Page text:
Very uneven, then, but never less than readable and engaging. Adams’s many admirers will welcome this generous display of...


The unbridgeable distances between even perfectly compatible people, and the difficulty of sustaining meaningful relationships are the dominant themes of this retrospective collection of 53 stories by the late (1926–99) author (After the War, 2000, etc.).

The typical Adams character is a woman alone, approaching or entering middle age, alternately tormented or sustained by memories of things or people loved and lost. It sounds like a formula for women’s magazine fiction, and at her weakest (too often in the later of her five published collections), Adams comes across as a wittier, more stylish purveyor of otherwise conventional anatomies of suburban marriage, adultery, divorce, and lingering regret. But she’s often very much better than this—especially when family dynamics edge out self-absorption, as in “The Swastika on Our Door,” about a German-American woman’s observation of the strange symbiotic bonding of her small-minded husband and his moribund brother, and “Roses, Rhododendron” (arguably her finest piece), in which a Boston girl living in the South falls in love with a seemingly perfect, in fact dangerously unstable, family. Stories like these, which stretch her range, tend to disguise a bland style almost devoid of figurative language or other verbal originality. Read more than two or three of her stories at a time, and their similarities become glaring. Still, stunning little successes keep cropping up: the Dorothy Parker–like look at a former “Beautiful Girl,” still poised and confident despite creeping middle age and alcoholism; the rich characterization of a morose commuter repeatedly drawn to the wrong bus, and the seductive presences of its “Greyhound People”; the ambitious later stories “Related Histories” and “Truth or Consequences” and perhaps a dozen or so others.

Very uneven, then, but never less than readable and engaging. Adams’s many admirers will welcome this generous display of her work.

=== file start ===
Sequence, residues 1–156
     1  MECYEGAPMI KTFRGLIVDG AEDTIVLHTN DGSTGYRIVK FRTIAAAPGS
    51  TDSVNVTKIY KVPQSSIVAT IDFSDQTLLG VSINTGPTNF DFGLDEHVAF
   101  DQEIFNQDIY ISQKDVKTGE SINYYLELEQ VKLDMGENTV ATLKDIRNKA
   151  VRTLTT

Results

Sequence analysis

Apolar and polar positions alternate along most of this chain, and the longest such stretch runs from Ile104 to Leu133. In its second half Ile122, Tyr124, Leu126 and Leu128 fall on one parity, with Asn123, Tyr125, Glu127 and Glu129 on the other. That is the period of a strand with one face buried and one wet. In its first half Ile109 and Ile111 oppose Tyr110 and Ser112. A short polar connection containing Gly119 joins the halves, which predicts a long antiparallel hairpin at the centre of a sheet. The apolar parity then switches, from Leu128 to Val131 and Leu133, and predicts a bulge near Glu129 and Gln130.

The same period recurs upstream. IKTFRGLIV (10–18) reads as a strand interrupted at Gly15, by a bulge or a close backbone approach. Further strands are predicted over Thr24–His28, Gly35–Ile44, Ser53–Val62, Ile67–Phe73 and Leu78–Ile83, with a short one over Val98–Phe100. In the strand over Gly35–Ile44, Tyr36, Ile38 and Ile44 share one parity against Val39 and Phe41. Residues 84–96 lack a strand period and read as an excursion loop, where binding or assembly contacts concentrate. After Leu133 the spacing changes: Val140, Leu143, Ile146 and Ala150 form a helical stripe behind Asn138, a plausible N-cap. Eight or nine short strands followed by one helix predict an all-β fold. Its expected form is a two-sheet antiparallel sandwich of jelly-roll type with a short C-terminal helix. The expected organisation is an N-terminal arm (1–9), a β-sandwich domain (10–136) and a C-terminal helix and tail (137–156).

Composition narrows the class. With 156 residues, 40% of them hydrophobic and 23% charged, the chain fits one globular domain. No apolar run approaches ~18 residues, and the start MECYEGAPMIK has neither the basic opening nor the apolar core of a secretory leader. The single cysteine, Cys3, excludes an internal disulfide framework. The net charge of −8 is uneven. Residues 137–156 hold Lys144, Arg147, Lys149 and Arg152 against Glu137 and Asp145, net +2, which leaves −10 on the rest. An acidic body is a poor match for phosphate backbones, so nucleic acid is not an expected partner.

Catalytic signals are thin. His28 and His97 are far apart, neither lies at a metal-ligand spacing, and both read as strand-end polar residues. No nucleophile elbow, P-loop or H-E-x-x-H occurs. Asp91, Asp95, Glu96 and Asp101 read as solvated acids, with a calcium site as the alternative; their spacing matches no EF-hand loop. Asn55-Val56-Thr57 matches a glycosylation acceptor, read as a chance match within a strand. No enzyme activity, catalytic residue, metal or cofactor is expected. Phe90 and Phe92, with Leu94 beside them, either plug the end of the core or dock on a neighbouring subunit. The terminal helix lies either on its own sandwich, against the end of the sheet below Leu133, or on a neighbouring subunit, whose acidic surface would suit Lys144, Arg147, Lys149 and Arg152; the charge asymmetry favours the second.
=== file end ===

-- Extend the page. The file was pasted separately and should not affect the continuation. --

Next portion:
Pub Date: Nov. 12, 2002

ISBN: 0-375-41285-9

Page Count: 624

Publisher: Knopf

Review Posted Online: May 20, 2010

Kirkus Reviews Issue: Sept. 1, 2002

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It's being called a novel, but it is more a hybrid: short-stories/essays/confessions about the Vietnam War—the subject that O'Brien reasonably comes back to with every book. Some of these stories/memoirs are very good in their starkness and factualness: the title piece, about what a foot soldier actually has on him (weights included) at any given time, lends a palpability that makes the emotional freight (fear, horror, guilt) correspond superbly. Maybe the most moving piece here is "On The Rainy River," about a draftee's ambivalence about going, and how he decided to go: "I would go to war—I would kill and maybe die—because I was embarrassed not to." But so much else is so structurally coy that real effects are muted and disadvantaged: O'Brien is writing a book more about earnestness than about war, and the peekaboos of this isn't really me but of course it truly is serve no true purpose. They make this an annoyingly arty book, hiding more than not behind Hemingwayesque time-signatures and puerile repetitions about war (and memory and everything else, for that matter) being hell and heaven both. A disappointment.

Pub Date: March 28, 1990

ISBN: 0618706410

Page Count: 256

Publisher: Houghton Mifflin

Review Posted Online: Oct. 2, 2011

Kirkus Reviews Issue: Feb. 15, 1990

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Visionary speculative stories that will change the way readers see themselves and the world around them: This book delivers...

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Exploring humankind's place in the universe and the nature of humanity, many of the stories in this stellar collection focus on how technological advances can impact humanity’s evolutionary journey.

Chiang's (Stories of Your Life and Others, 2002) second collection begins with an instant classic, “The Merchant and the Alchemist’s Gate,” which won Hugo and Nebula awards for Best Novelette in 2008. A time-travel fantasy set largely in ancient Baghdad, the story follows fabric merchant Fuwaad ibn Abbas after he meets an alchemist who has crafted what is essentially a time portal. After hearing life-changing stories about others who have used the portal, he decides to go back in time to try to right a terrible wrong—and realizes, too late, that nothing can erase the past. Other standout selections include “The Lifecycle of Software Objects,” a story about a software tester who, over the course of a decade, struggles to keep a sentient digital entity alive; “The Great Silence,” which brilliantly questions the theory that humankind is the only intelligent race in the universe; and “Dacey’s Patent Automatic Nanny,” which chronicles the consequences of machines raising human children. But arguably the most profound story is "Exhalation" (which won the 2009 Hugo Award for Best Short Story), a heart-rending message and warning from a scientist of a highly advanced, but now extinct, race of mechanical beings from another universe. Although the being theorizes that all life will die when the universes reach “equilibrium,” its parting advice will resonate with everyone: “Contemplate the marvel that is existence, and rejoice that you are able to do so.”

Visionary speculative stories that will change the way readers see themselves and the world around them: This book delivers in a big way.

Pub Date: May 8, 2019

ISBN: 978-1-101-94788-3

Page Count: 368

Publisher: Knopf

Review Posted Online: Feb. 17, 2019

Kirkus Reviews Issue: March 1, 2019

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